In our Fashionably Informed column, we’ve talked before about some of the issues women face in the fashion industry, such as the gender wage gap and unrealistic beauty standards. Today, we’re taking on the problem of objectification by examining what it is, how it functions in fashion, and why it matters.
Objectification: What is it?
Photo: Jonathan Mcintosh
The basic definition of objectification is the process whereby people are viewed and treated as objects. But since this can be a difficult concept to understand, the National Organization for Men Against Sexism, NOMAS, has a slightly more in-depth explanation:
Objectification [is] portrayals of women in ways and contexts which suggest that women are objects to be looked at, ogled, touched, or used; anonymous things or commodities to be purchased, perhaps taken; and once tired of, discarded, often to be replaced by a newer, younger edition; certainly not treated as full human beings with equal rights and needs.
In Western society, women are most often the targets of objectification. This is because women, much more so than men, tend to be valued for their appearance and their appearance alone. While a young boy, for example, might be told he is “smart,” “strong,” or “brave,” we oftentimes laud young girls for looking pretty or dressing nicely.
As women grow up, they are bombarded with messages from the media and their peers that they are only as valuable as their appearance or their sexual appeal as decided by the heterosexual male gaze.
The problems with objectification are obvious. It results in the mistreatment of women when they are used as means to an end (often for sexual gratification) rather than respected and treated with dignity as whole, well-rounded human beings.
But there are also deeper concerns. When women are objectified, they are necessarily dehumanized.Though not directly the cause of it, objectification enables an environment where violence against women is okay and permissible. Objects, after all, do not have feelings or deserve fair treatment and respect.
Examples of Objectification in Fashion
Photo: “Blurred Lines” by Robin Thicke
So, what does objectification look like in practice? One of the most notorious cases recently was the music video for Robin Thicke’s song, “Blurred Lines.” Beyond the predatory and downright disturbing lyrics, Thicke received a lot of criticism for his portrayal of women.
In the video, nude female models dance and walk around the set while fully-dressed Thicke and Pharrell perform. In one scene, a woman is literally used as a table top when she kneels on all fours. Here, women are sexualized and used as objects for aesthetic purposes. Though there has been a lot of debate about the agency of the models choosing to participate, ultimately it is a strong example of objectification in the media.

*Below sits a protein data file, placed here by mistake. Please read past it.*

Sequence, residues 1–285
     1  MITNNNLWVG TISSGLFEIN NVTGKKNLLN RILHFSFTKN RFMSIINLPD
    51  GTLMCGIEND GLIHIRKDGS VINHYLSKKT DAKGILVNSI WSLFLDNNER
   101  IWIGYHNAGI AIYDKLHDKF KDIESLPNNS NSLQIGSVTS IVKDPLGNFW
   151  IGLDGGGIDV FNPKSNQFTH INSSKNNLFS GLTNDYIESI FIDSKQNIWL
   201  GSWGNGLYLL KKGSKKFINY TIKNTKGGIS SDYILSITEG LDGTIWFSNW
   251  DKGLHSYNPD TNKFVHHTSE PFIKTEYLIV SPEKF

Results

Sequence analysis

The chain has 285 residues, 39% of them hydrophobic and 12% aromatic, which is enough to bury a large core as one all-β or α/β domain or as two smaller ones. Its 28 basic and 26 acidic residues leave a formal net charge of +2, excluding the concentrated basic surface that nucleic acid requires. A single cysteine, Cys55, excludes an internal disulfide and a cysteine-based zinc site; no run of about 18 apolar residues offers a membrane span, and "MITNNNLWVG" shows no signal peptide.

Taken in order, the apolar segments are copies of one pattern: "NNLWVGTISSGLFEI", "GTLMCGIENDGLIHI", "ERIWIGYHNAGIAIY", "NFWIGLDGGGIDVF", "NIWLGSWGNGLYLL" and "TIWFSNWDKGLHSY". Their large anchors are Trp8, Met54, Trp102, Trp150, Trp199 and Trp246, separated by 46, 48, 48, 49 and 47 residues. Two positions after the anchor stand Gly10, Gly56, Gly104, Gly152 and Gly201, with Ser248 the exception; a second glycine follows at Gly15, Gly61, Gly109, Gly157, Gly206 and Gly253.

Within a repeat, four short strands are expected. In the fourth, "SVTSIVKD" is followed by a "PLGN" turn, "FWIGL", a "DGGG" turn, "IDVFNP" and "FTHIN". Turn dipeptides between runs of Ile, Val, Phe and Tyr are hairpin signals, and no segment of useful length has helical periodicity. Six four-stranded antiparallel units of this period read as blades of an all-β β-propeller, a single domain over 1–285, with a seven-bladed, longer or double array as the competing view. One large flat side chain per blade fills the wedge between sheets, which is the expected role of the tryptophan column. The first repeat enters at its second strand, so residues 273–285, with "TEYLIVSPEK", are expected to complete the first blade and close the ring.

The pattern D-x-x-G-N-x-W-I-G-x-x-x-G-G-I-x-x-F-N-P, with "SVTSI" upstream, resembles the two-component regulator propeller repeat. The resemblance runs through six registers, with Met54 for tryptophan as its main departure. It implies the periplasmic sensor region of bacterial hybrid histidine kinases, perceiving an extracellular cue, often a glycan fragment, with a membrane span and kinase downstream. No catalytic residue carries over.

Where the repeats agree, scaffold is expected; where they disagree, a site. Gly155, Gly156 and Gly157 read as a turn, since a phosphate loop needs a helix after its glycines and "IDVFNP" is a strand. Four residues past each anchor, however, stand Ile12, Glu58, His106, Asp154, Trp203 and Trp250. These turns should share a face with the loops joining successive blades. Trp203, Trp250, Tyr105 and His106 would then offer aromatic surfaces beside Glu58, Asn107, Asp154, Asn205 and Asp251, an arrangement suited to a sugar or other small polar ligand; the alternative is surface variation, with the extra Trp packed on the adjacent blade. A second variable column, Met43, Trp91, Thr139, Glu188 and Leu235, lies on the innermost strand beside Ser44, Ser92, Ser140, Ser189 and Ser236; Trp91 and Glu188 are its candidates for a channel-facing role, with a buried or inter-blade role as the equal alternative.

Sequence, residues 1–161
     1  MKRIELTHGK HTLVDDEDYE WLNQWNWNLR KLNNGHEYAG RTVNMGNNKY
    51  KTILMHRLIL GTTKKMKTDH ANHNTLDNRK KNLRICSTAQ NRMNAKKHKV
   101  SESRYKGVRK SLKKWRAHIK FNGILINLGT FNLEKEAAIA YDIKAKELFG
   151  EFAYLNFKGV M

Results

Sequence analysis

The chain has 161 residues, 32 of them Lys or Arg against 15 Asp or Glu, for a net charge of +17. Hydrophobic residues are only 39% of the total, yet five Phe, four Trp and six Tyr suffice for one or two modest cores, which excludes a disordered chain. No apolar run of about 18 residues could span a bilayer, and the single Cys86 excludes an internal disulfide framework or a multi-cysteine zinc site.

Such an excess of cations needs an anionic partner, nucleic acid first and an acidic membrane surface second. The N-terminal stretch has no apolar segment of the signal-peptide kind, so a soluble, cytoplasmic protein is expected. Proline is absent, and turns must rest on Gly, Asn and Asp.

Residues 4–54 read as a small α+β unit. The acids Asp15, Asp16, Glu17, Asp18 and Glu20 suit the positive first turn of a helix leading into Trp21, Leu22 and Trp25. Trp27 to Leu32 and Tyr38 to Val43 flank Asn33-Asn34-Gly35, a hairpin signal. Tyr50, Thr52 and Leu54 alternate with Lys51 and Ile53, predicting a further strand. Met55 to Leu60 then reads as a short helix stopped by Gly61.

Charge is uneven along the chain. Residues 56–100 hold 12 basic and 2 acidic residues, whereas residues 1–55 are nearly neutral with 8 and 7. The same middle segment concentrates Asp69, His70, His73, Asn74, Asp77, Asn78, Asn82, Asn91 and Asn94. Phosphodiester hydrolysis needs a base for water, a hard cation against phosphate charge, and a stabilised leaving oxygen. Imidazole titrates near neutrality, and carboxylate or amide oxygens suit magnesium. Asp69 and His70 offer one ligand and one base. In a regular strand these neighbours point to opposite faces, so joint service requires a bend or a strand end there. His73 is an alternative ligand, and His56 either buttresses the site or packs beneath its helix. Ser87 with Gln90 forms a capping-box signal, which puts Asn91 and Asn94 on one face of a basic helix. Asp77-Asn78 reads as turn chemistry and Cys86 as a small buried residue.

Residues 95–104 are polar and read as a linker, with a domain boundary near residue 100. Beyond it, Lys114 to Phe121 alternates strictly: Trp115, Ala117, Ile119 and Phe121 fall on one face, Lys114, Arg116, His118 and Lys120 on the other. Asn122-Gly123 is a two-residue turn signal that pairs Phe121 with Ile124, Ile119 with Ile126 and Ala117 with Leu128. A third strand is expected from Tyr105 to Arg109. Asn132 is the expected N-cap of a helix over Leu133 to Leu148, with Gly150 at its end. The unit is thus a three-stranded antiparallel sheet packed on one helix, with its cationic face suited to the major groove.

But this problem is not limited to pop music videos. In fact, the issue runs rampant in fashion advertising, too. Often just parts of female bodies (often highly sexualized parts like the butt and breasts) are used to sell unrelated goods. Using female bodies, or more accurately, just parts of female bodies to sell items commodifies women by literally failing to represent them as full and complete human beings.
Photo: American Apparel
Compare, for example, the American Apparel shirt ads for men versus women shown above. It’s the same shirt, but while the male ad showcases the product being sold – the shirt – the female ad is highly sexualized. In some of American Apparel’s female sock ads, the product is barely even visible, leading consumers worldwide to speak out against the brand’s advertising practices. It certainly raises the question; what’s being sold, the product or the female body?
It’s not that the female body or female sexuality is bad. In fact, women should be free to express their sexuality however they see fit without fear of being shamed for it. The difference is agency, or the role women play in making those choices. They should be able to do it on their terms and, unfortunately, what we often see in fashion advertising is the opposite – women being unwillingly objectified to sell a product with little choice in how or why their sexuality is expressed.
What do you think about objectification in fashion advertising? Is it a problem? Are there any examples of objectification that come to mind? Let us know in the comments below!